Concrete expansion joints are important to install on stationary objects that your concrete will be up against. Some examples of such stationary structures are: a house, a building or deck posts. If you do not install expansion joints on permanent objects, you will risk damaging the concrete or the permanent structure the concrete is up against. There needs to be a source of movement because of the freeze/thaw cycle that is common in environments such as Minnesota.
You can purchase expansion joints at a home improvement store in various sizes. For the four inch patio we are pouring here, we bought 4 inch width expansion joint and enough to cover the sides of the house and deck posts.
If the structure your concrete is up against is wood, you can nail or screw the expansion joint to the structure (pictured above), if it is not, just lay the expansion joint up against the structure and make sure that as you pour the concrete the expansion joint remains flush with the structure and does not fall forward into the concrete. Here is a picture of expansion joint up against a concrete structure. We just set it up against the concrete with the fill dirt helping to keep it stable:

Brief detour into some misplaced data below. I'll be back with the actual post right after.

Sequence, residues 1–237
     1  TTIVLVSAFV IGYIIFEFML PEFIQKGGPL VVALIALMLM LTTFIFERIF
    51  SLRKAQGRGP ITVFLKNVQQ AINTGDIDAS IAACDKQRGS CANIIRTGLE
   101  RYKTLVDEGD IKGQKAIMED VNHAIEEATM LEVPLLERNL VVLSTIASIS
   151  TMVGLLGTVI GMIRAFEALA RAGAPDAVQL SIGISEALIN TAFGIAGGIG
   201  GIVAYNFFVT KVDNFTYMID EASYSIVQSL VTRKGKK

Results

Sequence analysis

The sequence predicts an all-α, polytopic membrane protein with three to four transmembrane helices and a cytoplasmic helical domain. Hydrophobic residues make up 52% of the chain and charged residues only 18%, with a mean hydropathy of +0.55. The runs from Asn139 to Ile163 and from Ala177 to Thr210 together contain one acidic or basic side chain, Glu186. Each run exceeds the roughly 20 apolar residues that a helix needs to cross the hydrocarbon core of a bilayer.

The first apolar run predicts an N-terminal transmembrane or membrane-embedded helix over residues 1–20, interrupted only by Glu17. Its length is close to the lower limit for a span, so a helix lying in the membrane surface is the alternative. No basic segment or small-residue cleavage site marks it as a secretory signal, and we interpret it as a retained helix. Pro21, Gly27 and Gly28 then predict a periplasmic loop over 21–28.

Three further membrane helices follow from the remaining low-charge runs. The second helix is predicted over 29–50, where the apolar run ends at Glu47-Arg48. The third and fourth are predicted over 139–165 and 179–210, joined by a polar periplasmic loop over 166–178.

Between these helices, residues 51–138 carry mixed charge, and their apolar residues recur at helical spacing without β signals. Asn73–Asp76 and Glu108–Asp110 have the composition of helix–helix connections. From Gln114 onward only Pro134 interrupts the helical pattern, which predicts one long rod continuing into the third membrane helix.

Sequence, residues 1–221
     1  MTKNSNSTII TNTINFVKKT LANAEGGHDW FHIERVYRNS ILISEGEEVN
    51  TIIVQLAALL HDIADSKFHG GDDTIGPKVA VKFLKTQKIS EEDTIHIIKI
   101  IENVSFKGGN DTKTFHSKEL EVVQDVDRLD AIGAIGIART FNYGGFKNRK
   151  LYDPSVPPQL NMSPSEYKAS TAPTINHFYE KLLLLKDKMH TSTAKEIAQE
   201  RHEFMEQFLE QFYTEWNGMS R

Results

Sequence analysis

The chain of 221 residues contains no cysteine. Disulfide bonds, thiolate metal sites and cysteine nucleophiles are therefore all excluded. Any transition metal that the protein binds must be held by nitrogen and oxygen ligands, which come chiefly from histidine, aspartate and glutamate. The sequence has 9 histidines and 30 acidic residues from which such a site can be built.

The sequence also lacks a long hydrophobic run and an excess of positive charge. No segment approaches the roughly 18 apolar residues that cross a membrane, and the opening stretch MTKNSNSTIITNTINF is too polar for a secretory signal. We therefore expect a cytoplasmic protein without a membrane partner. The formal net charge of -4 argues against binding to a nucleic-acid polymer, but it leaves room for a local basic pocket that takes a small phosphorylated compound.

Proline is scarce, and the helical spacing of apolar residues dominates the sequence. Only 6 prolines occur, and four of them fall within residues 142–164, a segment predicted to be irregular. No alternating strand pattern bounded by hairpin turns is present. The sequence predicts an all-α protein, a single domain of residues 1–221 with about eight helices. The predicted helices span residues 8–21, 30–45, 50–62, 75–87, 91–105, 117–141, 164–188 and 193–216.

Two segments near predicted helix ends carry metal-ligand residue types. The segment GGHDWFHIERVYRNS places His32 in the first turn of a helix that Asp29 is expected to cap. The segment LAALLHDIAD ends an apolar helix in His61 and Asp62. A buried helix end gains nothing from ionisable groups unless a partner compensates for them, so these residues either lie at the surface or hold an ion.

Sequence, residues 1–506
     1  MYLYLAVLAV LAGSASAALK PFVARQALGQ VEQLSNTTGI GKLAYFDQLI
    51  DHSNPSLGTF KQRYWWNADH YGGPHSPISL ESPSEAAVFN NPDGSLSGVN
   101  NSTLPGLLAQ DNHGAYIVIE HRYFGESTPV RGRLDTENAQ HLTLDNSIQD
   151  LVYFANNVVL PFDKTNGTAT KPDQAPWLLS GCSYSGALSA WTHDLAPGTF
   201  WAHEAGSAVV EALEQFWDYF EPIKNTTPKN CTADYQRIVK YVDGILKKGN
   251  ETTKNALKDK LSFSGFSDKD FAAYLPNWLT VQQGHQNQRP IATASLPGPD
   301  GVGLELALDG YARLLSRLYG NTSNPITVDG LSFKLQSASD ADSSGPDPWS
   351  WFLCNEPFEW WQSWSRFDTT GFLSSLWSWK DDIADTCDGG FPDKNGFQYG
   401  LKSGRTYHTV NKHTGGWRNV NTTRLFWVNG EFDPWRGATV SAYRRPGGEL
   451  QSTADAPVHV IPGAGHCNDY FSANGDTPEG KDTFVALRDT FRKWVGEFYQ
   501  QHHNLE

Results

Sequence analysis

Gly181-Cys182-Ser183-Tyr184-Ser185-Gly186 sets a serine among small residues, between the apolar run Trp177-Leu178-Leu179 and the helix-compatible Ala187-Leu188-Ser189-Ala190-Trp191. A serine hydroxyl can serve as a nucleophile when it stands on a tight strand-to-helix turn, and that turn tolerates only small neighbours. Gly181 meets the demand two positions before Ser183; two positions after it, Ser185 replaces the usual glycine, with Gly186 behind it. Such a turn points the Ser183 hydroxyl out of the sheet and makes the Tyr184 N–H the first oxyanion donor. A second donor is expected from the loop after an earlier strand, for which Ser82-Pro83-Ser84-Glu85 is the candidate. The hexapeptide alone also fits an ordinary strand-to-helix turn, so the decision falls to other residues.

Does pouring your own concrete sound too complicated? If so, and you live in the Minneapolis and surrounding suburbs area, request a quote on your project.
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